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Muere Jorge Prelorán - Obituary UCLA (in English)

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Obituary: Jorge Preloran, 75, UCLA Professor, Documentary Film Pioneer

Jorge Prelorán, a pioneer in the field of ethnographic documentary film and a professor emeritus at the UCLA School of Theater, Film and Television, died March 28 in Los Angeles following a 10-year battle with prostate cancer. He was 75.

A cinematic icon in his native Argentina and a UCLA alumnus, Prelorán taught at the School of Theater, Film and Television from 1976 until his retirement in 1994. Celebrated for developing a cinematic genre known as ethnobiography, he was the recipient of the school's first International Cinema Artist award, conferred at the commencement ceremony in 2008.

Born in Buenos Aires, Prelorán began making films on rituals and celebrations in rural communities in Argentina after his graduation from UCLA in 1961. In his later films, he focused on individual craftsmen who were representative figures of their far-flung indigenous cultures.

"Prelorán would begin by making long journeys into remote parts of Argentina," wrote filmmakers David MacDougall and Lucien Taylor in their book "Transcultural Cinema" (1998), "gathering sound recordings of his subjects' reminiscences and reflections on their lives. He would return later to shoot the film … finally drawing upon the sound recording he had made to construct the film's voice-over soundtrack. He refined the technique in such films as 'Imaginero' (1970), 'Cochengo Miranda' (1974) and 'Zerda's Children' (1978)."

"Imaginero," about a creator of religious images from the Andean high plateau, was recently named one of the 10 best Argentine films of all time by a panel of the nation's film critics.

Prelorán also directed the feature fiction film "My Aunt Nora" (1983), the Academy Award–nominated short film "Luther Metke at 94" (1979) and the seven-part television series "Patagonia — In Search of Its Remote Past" (1992). A departure was "Zulay, Facing the 21st Century" (1989), which was both reflective and reflexive, filmed as a dialogue between Prelorán, his anthropologist wife, Mabel, and Zulay Saravino, a woman from Ecuador who traveled to Los Angeles to help them edit a film about her community.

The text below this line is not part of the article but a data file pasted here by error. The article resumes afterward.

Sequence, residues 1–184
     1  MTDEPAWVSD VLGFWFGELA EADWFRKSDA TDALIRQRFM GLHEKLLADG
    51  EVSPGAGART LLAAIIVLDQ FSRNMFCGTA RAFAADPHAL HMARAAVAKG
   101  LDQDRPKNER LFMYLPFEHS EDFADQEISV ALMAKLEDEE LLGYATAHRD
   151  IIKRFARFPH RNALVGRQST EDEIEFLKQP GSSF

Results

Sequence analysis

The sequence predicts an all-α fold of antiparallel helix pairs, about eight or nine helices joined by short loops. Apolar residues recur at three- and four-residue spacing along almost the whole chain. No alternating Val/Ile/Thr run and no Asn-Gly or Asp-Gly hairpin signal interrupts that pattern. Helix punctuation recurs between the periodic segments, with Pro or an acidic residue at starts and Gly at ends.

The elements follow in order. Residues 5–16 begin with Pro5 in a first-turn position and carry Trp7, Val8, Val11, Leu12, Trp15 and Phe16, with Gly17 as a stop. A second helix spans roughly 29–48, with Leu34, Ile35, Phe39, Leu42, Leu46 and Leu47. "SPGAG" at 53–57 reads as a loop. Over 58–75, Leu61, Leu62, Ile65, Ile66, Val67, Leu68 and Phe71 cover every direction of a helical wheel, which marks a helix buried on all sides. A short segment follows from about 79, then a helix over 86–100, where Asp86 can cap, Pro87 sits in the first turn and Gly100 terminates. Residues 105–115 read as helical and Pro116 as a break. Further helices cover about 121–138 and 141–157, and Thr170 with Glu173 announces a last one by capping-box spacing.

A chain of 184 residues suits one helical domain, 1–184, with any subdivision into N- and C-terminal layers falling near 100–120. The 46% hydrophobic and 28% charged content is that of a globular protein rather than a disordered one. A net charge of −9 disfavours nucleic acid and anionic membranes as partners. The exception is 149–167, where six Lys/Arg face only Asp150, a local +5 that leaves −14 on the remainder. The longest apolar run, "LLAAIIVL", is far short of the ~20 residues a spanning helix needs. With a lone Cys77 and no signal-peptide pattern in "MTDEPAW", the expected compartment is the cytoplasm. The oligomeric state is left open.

Jorge and Mabel enjoyed what close friend and colleague María Elena de las Carreras, a visiting assistant professor at the School of Theater, Film and Television, called a "fecund intellectual and creative relationship."

"He was an inspiring, generous teacher," de las Carreras said, "who taught hundreds of students to look at their subject matter — whether a fiction film or a documentary — with a human, compassionate eye. In his documentary work in Argentina, he gave voice to those that were rarely seen or heard on the screen, embodying the values of the Sermon on the Mount — as he modestly noted in the course on an interview with me."

Among his many honors, Prelorán received the Golden Astor award for lifetime achievement at the 2005 Mar del Plata Film Festival in Argentina and was declared a Distinguished Citizen by the city of Buenos Aires the same year. He was a Guggenheim fellow in 1971 and 1975 and a Fulbright scholar in 1987 and 1994, and he was invited to the White House by President Ronald Reagan in the 1980s.

The National Anthropological Archives and Human Studies Film Archives, located in the Smithsonian Institution, decided this year to archive all of Prelorán's films because of their importance to the field of anthropology. A feature-length documentary on Prelorán’s life's philosophy, "Huellas y Memoria" ("Footsteps and Memory"), will be released in 2009.

Prelorán spent the years since his retirement from UCLA writing 40 profusely illustrated in-depth biographies of colleagues and artists, many of whom were also the subjects of his films. This biographical series, "Masters Among Us," had not yet found a publisher at the time of Prelorán's death, but it was his hope that the landmark series of books would live on after him.


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